With reference now also to FIG. 5, one example of an automated staining apparatus and procedure of the invention will be given. In particular, FIG. 5 provides a flow chart illustrating control sequencing software for the preferred apparatus 11 which, in association with a microprocessor, is adapted to automate a silver staining process such as that described above. Control sequencing software can be suitably stored in an electronic memory device such as a ROM or an E-prom device, and associated in a conventional fashion with a clock, circuitry and a control panel for user interface to achieve the various automated functions of apparatus 11.

In using apparatus 11, the user places two electrophoresed gels which are chemically affixed to glass plates, for instance affixed with a silane coupling agent, into chamber 22. In so doing, one such gel is positioned on each side of separation members 29 and 32, which sufficiently space the gels from one another to allow effective processing.

As shown in FIG. 5, in the preferred embodiment a start signal is then given, for example by pressing a button on the control panel (e.g. one of buttons 82, FIG. 1). The program is thus initiated. Input valve 43 is automatically energized and thus opened, allowing gravity feed of fixing solution from container 15 into chamber 22. When chamber 22 is filled with fixing solution as signaled by the interruption of the IR light path of the liquid level sensor (FIG. 2, components 76, 78, 79 and 80), input valve 43 is closed to interrupt the flow of fixing solution. Recirculation pump 68 is automatically turned on for a four-second period, and then automatically turned off. A cycle then commences which has a duration dependent upon which processing step is underway. In the fixing cycle this duration is 10 minutes, during which the recirculation pump is turned on every twenty seconds for a period of two seconds. After completion of the 10 minute fixing cycle, drain valves 60 and 61 are automatically opened and the fixing solution drains from liquid chamber 22 and out drain hoses 62 and 63 under the force of gravity. Drain valves 60 and 61 remain open for a period sufficient to drain the fixing solution from chamber 22 (14 seconds), whereafter recirculation pump 68 is automatically turned on for a brief period (6 seconds) to clear the recirculation lines of fixing solution. At this point, drain valves 60 and 61 are automatically closed and pump 68 automatically turned off. The program then proceeds to an end/repeat logic, and after the fixing cycle repeats except employing the rinsing solution.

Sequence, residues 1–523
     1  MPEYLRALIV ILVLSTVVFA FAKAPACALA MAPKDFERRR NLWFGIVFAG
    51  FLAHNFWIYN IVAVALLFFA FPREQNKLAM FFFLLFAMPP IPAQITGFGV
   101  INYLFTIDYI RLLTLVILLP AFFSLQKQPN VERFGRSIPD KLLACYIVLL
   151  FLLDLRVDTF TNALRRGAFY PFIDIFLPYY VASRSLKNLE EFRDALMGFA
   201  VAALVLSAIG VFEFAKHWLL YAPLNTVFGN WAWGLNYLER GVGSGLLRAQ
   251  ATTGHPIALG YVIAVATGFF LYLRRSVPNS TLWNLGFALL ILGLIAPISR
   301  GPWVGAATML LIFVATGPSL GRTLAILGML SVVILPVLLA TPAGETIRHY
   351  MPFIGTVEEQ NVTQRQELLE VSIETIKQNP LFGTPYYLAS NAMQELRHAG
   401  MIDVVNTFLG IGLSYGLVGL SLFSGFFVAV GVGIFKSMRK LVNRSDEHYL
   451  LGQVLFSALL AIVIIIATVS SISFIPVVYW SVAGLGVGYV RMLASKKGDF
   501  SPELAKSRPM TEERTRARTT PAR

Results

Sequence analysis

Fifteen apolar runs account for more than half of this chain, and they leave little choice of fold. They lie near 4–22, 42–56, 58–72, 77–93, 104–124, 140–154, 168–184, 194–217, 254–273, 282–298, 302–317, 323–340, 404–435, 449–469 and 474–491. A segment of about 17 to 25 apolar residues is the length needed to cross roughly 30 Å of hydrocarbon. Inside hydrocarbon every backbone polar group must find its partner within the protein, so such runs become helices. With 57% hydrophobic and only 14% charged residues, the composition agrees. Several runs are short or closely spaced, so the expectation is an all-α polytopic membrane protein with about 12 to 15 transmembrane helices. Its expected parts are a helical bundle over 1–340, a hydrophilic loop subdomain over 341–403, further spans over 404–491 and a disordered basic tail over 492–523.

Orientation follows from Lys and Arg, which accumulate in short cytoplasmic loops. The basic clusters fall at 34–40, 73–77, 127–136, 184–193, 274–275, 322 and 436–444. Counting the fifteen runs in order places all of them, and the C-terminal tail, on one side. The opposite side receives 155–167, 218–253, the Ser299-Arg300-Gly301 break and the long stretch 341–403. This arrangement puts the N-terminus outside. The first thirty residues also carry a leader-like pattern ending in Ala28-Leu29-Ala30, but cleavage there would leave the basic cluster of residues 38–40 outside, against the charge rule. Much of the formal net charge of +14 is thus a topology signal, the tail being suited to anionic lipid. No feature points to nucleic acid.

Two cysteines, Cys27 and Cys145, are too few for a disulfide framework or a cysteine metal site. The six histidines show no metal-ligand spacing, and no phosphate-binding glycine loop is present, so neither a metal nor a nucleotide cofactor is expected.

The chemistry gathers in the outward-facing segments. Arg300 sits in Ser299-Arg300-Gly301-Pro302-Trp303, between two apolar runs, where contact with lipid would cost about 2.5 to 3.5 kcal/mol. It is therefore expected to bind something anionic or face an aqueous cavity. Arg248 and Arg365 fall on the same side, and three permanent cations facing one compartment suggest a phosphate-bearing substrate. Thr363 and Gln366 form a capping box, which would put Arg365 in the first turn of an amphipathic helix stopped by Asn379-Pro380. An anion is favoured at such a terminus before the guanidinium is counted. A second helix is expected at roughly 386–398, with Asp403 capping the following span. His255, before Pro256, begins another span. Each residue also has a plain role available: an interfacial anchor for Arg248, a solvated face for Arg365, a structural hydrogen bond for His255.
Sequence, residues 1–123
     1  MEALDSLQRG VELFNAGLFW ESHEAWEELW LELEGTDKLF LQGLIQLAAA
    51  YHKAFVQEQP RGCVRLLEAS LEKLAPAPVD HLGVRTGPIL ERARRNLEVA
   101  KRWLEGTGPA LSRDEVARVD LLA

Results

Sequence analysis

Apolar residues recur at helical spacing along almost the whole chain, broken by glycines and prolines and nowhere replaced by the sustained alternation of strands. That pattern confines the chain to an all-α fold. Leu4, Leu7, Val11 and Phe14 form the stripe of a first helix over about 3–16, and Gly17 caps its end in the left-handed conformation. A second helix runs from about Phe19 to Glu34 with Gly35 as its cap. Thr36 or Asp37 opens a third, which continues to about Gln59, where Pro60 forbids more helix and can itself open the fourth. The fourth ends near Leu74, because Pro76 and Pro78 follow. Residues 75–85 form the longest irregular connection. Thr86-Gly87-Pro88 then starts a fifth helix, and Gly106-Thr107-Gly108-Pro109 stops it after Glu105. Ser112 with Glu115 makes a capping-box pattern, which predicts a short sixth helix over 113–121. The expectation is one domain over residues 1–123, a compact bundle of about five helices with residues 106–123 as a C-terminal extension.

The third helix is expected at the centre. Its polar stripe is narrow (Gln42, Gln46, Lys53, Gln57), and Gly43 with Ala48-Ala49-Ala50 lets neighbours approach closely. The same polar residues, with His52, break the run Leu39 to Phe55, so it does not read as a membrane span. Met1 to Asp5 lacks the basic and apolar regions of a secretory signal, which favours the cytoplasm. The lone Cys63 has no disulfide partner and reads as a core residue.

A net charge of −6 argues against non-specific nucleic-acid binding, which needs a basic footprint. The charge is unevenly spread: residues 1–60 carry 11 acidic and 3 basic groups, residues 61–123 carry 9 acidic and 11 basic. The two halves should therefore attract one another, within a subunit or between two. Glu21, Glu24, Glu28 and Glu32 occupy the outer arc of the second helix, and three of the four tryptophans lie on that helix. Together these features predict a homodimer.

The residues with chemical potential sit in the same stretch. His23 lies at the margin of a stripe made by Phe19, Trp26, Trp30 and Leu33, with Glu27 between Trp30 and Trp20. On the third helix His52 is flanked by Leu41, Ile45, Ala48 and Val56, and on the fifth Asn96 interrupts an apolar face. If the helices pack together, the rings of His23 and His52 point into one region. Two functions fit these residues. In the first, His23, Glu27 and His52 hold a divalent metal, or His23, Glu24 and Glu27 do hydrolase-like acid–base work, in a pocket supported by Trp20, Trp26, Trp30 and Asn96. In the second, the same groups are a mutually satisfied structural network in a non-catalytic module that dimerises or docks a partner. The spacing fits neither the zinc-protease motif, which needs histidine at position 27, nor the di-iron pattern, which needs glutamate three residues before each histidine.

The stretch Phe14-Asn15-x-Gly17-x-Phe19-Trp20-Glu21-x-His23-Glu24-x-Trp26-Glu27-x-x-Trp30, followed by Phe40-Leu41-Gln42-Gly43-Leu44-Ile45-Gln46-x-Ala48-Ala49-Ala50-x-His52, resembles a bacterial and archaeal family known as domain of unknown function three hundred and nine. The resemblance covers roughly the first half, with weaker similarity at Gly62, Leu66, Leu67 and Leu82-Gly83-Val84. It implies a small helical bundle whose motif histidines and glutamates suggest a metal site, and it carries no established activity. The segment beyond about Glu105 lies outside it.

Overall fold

Thus, the program automatically opens input valve 45 through which rinsing solution (deionized water) is gravity fed to chamber 11. The fill, recirculation, drain and line-clearing functions described above for the fixing cycle are then repeated, except the cycle time (X) is 90 seconds rather than 10 minutes. This rinse cycle is repeated a total of three times.

After the rinse cycle is completed, the automated stain cycle is carried out. The fill and recirculation functions are repeated as above, except the cycle time (X) is 30 minutes. The drain function, however, is not automatically repeated. Instead, in the preferred apparatus 11, the stain is collected and reused, and thus an audio and/or visual signal is given indicating completion of the 30 minute stain cycle. The audio signal may be given, for example, by automatically energizing a piezoelectric buzzer. A visual signal to collect the stain can be given on a two-line, twenty-eight character LCD display 84 provided on the control panel. With drain hoses 62 and 63 positioned in an appropriate collection container, the user then manually depresses one of buttons 82 assigned to signal readiness of the user to collect stain, and the program then continues as described above.

Following the stain cycle, another rinse cycle is automatically carried out, for a duration of 20 seconds. After completion of this rinse cycle, the user removes lid 74 and manually pours the developing solution into chamber 22. It will be understood that the developing solution could be provided in a fourth container and automatically fed to liquid processing center 14. For example, when using a developing solution requiring refrigeration, a refrigerated container could be provided.